How to Stay on Top of Your Decisions
As the adage goes, with age comes wisdom. The older you get, the more rational your decisions are, because of the years of experience that comes with dealing with life situations. Yet, sometimes, it can seem confusing because the world around is constantly changing. With the multitude of options available for everything today, from food to services to banking, it can get overwhelming to make a decision.
That doesn’t mean you need to relinquish complete control to someone else. As long as you are able, you can continue to call the shots. If you find yourself stumped at some stage, here is how you can overcome that:
1. Keep it Simple
When trying to make a choice between two or more options, simplify your decision by keeping the outcome in mind. For instance, if you are trying to choose a healthcare provider for yourself, prioritize what you want. Is easy home availability, pricing, or proximity to your house the most important factor to you? Once you decide, you can identify the provider who will work best for your needs.
2. Work by Elimination
If you are unable to make a conclusive decision, try working backwards. Even if you aren’t sure of what you do want, most often, you will know what you don’t want. Eliminate options you don’t particularly like. This will help you make a decision or, at least, narrow them down to a few options.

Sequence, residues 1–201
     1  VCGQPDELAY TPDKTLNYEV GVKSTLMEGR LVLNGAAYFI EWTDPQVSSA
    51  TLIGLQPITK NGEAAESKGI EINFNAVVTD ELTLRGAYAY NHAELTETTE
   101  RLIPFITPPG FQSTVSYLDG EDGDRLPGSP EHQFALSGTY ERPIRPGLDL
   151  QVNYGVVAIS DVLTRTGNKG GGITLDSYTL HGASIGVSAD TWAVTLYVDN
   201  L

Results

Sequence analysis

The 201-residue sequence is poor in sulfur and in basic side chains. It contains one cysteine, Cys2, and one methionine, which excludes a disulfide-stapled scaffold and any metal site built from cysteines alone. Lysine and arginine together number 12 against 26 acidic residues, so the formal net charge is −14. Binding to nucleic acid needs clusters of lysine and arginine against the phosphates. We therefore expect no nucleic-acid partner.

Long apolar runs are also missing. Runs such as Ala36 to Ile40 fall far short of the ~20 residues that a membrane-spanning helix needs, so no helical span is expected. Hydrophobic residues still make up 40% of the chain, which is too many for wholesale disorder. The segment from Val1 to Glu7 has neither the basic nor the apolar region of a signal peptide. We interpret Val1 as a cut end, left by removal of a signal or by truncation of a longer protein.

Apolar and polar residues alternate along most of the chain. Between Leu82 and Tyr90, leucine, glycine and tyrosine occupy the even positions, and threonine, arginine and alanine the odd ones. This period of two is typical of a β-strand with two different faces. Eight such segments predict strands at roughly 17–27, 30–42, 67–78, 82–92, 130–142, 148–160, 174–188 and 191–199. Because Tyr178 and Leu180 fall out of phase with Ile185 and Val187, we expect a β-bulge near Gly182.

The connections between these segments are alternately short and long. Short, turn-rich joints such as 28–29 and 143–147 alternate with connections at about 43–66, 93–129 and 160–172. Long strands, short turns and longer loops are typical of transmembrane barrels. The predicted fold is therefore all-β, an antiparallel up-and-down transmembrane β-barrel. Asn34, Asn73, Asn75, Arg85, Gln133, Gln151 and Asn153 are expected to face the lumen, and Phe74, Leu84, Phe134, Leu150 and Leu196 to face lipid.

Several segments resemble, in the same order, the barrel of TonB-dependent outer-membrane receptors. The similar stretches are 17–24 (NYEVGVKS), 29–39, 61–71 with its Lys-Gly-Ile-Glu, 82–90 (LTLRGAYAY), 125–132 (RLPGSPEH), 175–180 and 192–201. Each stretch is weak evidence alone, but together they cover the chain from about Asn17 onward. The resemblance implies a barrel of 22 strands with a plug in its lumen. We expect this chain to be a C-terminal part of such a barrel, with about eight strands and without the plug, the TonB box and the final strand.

3. Ask Questions
While making a decision, it is important to ask the right questions, so you don’t have any obstacles in the future. Say, you are looking to hire a cook. Check if they can come according to your meal timings, how equipped they are to deal with your dietary requirements, if they will find you a replacement when going on leave, and so on. It is better to make an informed decision rather than scramble to fix it later.
4. Don’t Be Afraid to Ask for Help
Some seniors hesitate to ask for advice or help because they think it is a telltale sign of their diminishing abilities. However, everyone needs some assistance from time to time, and asking for advice or help isn’t a sign of lost dignity. Ask your children or anyone else you trust to help you with your decision if you find it tough to do it independently.
5. Make Your Voice Heard
Asking for help does not mean that you should settle for any and all advice you get. At the end of the day, the decision is yours to make. Consider the advice given to you, but still go with the choice that seems most appealing and rational to you.
Your life is yours to live. However, roping in others from time to time can help you make better choices. The key is to listen to different opinions, but make the final decision based on what works best for you